The commercial showed a golden brown apple pie a la mode, steam rising from its lattice top.

“You see this happy family,” Torres said. “The mother comes in holding the pie, and they all look up. It’s a warm moment. It’s an emotional moment. Pie is a comfort food.”

What viewers saw was something quite different from reality. The “pie” was a batch of instant mashed potatoes baked into a crust, with diced-apple baby food spooned into the little squares of the lattice.

The “ice cream” was a mixture of corn syrup, confectioners’ sugar and shortening.

Even the steam was fake — concocted from two chemicals that when combined form a white smoke, giving the illusion that the pie was hot.

Mixing the bank and apple pie makes sense, said Neil M. Alperstein, an associate professor of popular culture at Loyola College. It allows a bank, often viewed as cold and steely, to be associated with feelings of “hearth and home,” he said.

“By aligning banking services with apple pie, then the hope is that the message of warm and fuzzy will resonate within the consumer,” Alperstein said.

But making sure that message translates properly takes a bit of magic.

More than other types of marketing, illusions are built into food advertising to enhance their appeal. Part of that, industry experts say, is being pragmatic — food is perishable.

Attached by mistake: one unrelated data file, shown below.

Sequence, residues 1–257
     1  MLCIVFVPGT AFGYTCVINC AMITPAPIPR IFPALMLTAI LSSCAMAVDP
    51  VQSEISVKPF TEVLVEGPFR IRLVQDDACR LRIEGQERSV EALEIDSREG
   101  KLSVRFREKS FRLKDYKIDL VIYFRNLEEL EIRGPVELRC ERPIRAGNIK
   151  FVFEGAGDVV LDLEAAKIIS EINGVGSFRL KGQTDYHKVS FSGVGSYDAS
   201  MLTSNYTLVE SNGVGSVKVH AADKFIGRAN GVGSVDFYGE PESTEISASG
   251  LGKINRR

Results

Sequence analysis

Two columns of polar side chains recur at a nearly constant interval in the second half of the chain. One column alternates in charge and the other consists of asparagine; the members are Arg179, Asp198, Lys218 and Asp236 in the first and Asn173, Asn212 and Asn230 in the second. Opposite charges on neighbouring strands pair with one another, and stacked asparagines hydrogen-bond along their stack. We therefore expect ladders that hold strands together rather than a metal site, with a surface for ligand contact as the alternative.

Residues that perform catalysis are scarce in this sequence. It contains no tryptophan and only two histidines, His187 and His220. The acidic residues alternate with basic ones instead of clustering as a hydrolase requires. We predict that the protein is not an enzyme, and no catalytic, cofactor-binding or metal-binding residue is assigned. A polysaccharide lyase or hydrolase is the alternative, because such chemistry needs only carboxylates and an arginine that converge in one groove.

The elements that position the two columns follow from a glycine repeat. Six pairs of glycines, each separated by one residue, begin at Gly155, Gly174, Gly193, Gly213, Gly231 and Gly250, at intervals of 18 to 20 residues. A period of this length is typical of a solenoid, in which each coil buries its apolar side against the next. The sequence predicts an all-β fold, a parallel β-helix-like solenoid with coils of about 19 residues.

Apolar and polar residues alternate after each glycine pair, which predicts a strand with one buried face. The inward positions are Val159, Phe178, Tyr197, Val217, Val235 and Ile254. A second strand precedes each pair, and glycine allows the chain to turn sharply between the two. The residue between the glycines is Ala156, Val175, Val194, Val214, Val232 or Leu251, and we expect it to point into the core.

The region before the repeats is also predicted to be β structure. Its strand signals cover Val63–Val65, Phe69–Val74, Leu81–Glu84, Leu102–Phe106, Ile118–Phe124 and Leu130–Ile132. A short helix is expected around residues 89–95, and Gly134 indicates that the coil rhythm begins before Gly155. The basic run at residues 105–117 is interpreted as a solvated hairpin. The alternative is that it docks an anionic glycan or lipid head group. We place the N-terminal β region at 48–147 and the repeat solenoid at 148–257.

“If you take the major categories of product photography like fashion and cars and cosmetics, food by far has to have the most manipulation and tweaking and fussing to make it look good,” said Rob Holmes, a photographer and owner of HolmeZart, a visual design company in Towson. “Food is a living thing, and as it sits on the set, it’s dying. We have to make it look incredibly appetizing or it just won’t sell. That’s where the tricks come in.”

Although advertisers are allowed considerable license, there are guidelines prohibiting unfair and deceptive practices.

The Federal Trade Commission once challenged as “false, misleading and deceptive” a commercial for the Campbell’s Soup Co. because translucent marbles had been placed in the bottom of a bowl so the vegetables would be forced to the top, making the soup appear heartier.

“You can’t use a fake demonstration to make the product do something it doesn’t do,” said Anne Maher, assistant director in the division of advertising practices for the FTC. “You can’t make it possess characteristics it doesn’t have.”

Preparing a food ad or commercial is far from quick or simple. Hershey Foods Corp., for instance, has a two-page document outlining the exact specs for photographing the Hershey’s Kiss, including the exact angle required to capture the little flag that sticks out of the foil wrapper.

The maple syrup that appears in breakfast commercials is usually poured on ice cold to make it flow more slowly.